Gallium-nitride (GaN) power semiconductors are well-established, but compared with silicon (Si) devices, GaN is still an evolving power device technology. Most power designers have at least explored the use of GaN, whether it’s been depletion-mode (d-GaN) normally-on devices, enhancement-mode (e-GaN) normally-off devices, a cascode combination of a Si MOSFET with a d-GaN device to form a normally-off structure, or a GaN power IC. Those options continue to advance. More recently, high-voltage vertical GaN (v-GaN) devices have entered the commercial arena.
This FAQ looks briefly at GaN HEMT physics, reviews the performance and tradeoffs between lateral d-GaN, and e-GaN, looks at integrated GaN solutions that can simplify power converter designs, and closes by presenting the emerging v-GaN technology.
GaN has the widest energy gap, the largest critical field, and the highest saturation velocity of commonly-used semiconductor materials. In addition, spontaneous piezoelectric polarization of AlGaN/GaN heterostructures creates a two-dimensional electron gas (2DEG), with high mobility and large channel density, without the use of doping. These factors contribute to minimal on resistance (RON), and the structure of lateral GaN devices has very small parasitic capacitance and switching charges enabling very high-frequency operation.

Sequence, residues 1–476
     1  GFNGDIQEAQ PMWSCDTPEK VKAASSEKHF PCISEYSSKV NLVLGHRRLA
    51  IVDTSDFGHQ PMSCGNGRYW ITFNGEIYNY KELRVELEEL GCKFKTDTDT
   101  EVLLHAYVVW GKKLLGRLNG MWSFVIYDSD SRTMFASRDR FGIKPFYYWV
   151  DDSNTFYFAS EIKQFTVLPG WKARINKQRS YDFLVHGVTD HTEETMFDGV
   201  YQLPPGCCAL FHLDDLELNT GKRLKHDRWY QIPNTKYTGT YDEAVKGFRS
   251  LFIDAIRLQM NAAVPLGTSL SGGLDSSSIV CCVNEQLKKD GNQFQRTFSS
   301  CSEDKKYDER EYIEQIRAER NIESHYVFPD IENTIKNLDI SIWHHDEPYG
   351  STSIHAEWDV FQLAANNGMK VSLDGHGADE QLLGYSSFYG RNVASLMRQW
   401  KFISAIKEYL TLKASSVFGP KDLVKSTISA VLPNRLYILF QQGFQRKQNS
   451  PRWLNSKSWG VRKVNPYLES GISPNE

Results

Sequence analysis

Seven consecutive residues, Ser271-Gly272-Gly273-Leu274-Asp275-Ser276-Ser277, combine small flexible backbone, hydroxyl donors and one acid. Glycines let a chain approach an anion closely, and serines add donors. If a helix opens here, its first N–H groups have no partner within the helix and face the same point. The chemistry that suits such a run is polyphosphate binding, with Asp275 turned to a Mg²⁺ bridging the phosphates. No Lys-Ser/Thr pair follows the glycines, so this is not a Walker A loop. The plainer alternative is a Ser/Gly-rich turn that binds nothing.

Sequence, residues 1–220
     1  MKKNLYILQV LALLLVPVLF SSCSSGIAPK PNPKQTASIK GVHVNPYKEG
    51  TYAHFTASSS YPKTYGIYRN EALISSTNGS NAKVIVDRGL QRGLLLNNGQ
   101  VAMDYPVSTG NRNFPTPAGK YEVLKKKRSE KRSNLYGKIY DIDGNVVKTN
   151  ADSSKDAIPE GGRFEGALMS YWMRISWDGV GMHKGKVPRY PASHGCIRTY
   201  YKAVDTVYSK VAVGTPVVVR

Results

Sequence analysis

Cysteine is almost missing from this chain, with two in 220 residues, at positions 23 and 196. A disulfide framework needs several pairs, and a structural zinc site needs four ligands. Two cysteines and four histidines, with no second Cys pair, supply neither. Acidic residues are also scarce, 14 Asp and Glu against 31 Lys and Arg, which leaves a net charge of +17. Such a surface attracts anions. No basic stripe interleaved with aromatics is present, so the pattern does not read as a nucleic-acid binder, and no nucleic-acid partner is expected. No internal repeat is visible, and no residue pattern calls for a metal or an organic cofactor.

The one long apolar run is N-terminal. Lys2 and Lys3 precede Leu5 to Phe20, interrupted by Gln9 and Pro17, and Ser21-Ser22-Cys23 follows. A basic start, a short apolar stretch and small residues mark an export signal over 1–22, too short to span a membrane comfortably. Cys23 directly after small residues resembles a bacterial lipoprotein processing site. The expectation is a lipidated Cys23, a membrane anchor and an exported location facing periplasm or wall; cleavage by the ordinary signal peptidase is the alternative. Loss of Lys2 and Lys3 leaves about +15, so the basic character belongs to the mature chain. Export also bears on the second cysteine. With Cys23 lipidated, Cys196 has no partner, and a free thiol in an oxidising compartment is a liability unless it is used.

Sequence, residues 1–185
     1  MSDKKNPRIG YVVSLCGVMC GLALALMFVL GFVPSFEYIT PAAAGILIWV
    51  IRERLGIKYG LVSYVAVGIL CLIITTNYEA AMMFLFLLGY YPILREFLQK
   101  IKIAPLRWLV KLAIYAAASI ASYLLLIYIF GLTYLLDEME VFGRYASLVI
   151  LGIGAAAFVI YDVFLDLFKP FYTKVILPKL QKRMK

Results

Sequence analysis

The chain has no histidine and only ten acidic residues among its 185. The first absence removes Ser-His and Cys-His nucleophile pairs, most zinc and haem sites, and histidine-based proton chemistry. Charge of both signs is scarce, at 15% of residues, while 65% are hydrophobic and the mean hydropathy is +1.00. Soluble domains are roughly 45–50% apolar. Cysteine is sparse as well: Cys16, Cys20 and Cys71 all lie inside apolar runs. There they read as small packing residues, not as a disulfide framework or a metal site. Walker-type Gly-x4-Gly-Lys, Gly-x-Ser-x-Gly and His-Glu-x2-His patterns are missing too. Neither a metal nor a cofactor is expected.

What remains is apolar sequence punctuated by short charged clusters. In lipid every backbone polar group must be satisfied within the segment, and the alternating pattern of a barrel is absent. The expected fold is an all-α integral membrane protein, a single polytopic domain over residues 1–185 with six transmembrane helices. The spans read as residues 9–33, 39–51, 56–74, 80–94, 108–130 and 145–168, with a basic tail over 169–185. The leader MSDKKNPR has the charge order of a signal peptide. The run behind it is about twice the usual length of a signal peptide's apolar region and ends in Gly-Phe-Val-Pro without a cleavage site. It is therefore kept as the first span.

GaN is a wide bandgap (WBG) material and has a bandgap of 3.4 electron volts (eV) compared with 1.12 eV for Si and 3.2 eV for 4H-SiC (Figure 1). Its wide bandgap enables GaN to be operated at higher temperatures, increasing the potential power density of converters using GaN HEMTs. GaN has a thermal conductivity of 2.0 W/cmK, intermediate between Si with thermal conductivity of 1.5 W/cmK, and 4H-SiC with 4.9 W/cmK.
GaN’s high breakdown field of 3.3 MV/cm is 11 times higher than Si with 0.3 MV/cm. That means that a layer of GaN can be 11 times thinner than Si and still withstand the same voltage, and the GaN layer will have a lower resistivity contributing to lower RON. GaN’s high channel mobility (up to 2000 cm2/V s) and large saturation velocity (2.5 × 107 cm/s) also contribute to lower RON.
Lateral d-GaN and e-Gan